Austerity does something else, too. It undermines our sense of collective identity; it closes us off from each other, and diminishes our power to act together. For women, this isolation has a double-effect: not only must we fight against sexism, we must do so alone. Collectivism and solidarity are seen as weaknesses, as we’re forced to compete against each other in an ever-more-brutal labour market for personal enrichment, which we’re told is the only sure sign of self-worth.


Tory contender Leadsom was ‘worst minister ever’, say civil servants who worked with her


The same applies to Labour. Some people have said to me, “Wouldn’t it be a wonderful victory for feminism if Angela Eagle takes over?”

No, it wouldn’t. Jeremy Corbyn’s feminism, for its faults, beats Angela Eagle’s every time. As OpenDemocracy noted last week, Eagle has “generally voted for a stricter asylum system”. She supported Blair’s Islamophobic crackdowns on civil liberties. She abstained on workfare and the Welfare Bill, two monumentally anti-feminist pieces of legislation. She backs Trident. She backed the Iraq War, and has consistently opposed any investigation into its circumstances. Taken together, I think it adds up to a pretty piss- poor feminism.

The same applies in America. Quite apart from her treatment of Monica Lewinsky, Hillary Clinton is not my kind of feminist. An unrepentant cheerleader for the war in Iraq, Clinton’s dedication to "shock and awe" has rolled back women’s rights in Iraq by an estimated 70 years. If your answer to every geopolitical problem is “kill everything that moves”, then your election is no great victory for feminism, even if, compared to Donald Trump, you’re the lesser of two evils.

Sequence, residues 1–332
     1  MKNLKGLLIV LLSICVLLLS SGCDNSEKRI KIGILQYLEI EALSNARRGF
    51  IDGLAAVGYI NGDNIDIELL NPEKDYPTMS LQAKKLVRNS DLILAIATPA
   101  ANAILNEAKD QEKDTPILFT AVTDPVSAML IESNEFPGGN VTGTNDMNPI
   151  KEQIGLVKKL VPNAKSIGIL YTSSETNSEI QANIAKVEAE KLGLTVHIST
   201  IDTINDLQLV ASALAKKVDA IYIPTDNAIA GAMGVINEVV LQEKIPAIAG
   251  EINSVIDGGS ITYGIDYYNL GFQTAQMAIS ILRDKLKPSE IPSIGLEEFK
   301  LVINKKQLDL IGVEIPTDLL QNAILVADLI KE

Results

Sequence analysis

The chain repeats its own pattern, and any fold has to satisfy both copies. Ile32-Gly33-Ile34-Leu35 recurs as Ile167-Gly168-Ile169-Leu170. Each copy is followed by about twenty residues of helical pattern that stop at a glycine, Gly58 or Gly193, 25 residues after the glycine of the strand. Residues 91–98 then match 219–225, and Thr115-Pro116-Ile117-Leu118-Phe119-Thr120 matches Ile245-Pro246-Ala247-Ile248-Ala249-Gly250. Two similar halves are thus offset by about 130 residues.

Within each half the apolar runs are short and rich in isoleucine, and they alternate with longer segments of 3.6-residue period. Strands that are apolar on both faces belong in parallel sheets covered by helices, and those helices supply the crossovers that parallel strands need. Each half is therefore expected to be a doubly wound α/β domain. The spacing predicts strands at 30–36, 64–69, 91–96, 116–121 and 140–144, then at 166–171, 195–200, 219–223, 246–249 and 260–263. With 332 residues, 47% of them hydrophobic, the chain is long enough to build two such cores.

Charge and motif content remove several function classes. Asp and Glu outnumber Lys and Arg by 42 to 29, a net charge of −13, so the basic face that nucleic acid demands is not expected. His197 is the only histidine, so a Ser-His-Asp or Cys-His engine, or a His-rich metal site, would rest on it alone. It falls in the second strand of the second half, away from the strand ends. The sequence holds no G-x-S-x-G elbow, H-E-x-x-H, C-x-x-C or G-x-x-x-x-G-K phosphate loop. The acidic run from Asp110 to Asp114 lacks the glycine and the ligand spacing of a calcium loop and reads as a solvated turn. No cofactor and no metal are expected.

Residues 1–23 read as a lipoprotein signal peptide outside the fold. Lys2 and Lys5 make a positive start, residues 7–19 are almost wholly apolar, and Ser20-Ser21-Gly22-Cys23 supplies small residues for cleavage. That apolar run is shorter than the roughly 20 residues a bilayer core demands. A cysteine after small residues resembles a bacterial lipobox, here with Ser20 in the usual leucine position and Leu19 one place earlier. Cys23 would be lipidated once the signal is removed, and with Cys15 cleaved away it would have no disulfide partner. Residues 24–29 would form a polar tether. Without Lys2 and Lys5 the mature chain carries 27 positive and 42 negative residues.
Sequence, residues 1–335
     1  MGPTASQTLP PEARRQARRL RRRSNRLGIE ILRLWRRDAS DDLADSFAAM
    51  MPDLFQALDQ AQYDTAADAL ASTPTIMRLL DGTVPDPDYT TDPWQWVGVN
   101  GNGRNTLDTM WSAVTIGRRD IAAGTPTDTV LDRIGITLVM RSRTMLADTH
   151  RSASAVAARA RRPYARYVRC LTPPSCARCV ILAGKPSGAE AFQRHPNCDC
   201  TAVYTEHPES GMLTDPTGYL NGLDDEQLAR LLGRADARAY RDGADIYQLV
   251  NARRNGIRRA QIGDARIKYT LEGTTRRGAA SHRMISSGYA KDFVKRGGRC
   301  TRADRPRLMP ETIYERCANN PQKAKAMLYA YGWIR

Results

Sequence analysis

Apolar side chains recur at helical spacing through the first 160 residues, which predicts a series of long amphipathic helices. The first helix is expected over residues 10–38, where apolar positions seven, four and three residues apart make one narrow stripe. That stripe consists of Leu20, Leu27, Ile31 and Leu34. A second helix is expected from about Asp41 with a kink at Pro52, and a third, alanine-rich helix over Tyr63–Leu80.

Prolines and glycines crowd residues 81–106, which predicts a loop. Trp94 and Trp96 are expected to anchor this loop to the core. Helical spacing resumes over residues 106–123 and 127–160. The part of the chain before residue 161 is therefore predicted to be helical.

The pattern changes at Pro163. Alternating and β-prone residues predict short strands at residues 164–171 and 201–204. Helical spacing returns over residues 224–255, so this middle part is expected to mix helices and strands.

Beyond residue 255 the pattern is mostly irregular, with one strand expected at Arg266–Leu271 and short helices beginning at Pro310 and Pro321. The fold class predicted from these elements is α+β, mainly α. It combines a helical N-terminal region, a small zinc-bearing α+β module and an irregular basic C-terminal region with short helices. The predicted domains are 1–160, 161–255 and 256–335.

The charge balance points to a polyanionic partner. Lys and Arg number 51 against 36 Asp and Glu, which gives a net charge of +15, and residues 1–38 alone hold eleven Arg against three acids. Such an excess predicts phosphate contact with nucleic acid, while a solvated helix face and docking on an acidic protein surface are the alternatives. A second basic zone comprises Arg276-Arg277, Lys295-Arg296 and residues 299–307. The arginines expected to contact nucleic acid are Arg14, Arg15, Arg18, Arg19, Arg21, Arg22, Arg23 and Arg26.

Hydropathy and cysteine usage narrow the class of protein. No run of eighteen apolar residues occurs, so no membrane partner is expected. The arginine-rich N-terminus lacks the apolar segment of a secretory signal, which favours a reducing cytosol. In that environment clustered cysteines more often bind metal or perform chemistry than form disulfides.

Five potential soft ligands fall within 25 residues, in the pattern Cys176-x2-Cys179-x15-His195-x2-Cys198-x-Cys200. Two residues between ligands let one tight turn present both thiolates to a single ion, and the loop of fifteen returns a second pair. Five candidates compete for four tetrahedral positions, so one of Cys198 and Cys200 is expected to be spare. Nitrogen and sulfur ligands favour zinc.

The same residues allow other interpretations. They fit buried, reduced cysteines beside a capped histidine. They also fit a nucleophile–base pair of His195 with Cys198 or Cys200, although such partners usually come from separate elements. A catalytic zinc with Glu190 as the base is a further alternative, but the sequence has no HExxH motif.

A "feminist revolution" doesn’t start at the top, but at the bottom. Most women in authority are failing our cause. Let me suggest an alternative explanation for what’s going on.

Some people presented Barack Obama’s victory in 2008 as the final, logical victory of the 1960s civil rights movement.

But they’ve been disappointed, since the living standards of black people (black women in particular) have slumped amid austerity and police racism. For many black Americans Obama didn’t end up representing the living tradition of Malcolm X, Muhammad Ali or even Martin Luther King. He represented the collapse of that movement, where a different economic and political settlement had driven a wedge between black working and middle classes.

And doesn’t the same apply to our so-called feminist revolution? I say it does. Theresa May and Angela Eagle aren’t the final victory of feminism, but more possibly a final defeat. They represent individual women climbing on the backs of yesterday’s struggles to take seats at the top table, kicking the shit out of women at the other end of society as they do it. May and Leadsom are destroyers of social settlements, the public good and the power of the collective in favour of markets and privatisation. Rather than furthering the feminist cause, these women undermine the very source of our power for changing society for all; our social solidarity and security.

If we really want a feminist revolution then we need to recover the spirit of opposition, collective identity, power and self-sacrifice that’s led us to this point. Given the choice between two generic, identikit political mannequins – one man, one woman – I’d choose the woman. But the real problem for most women isn’t the mannequin’s gender, it’s the generic, identikit nature of politics. And that’s what feminism needs to change.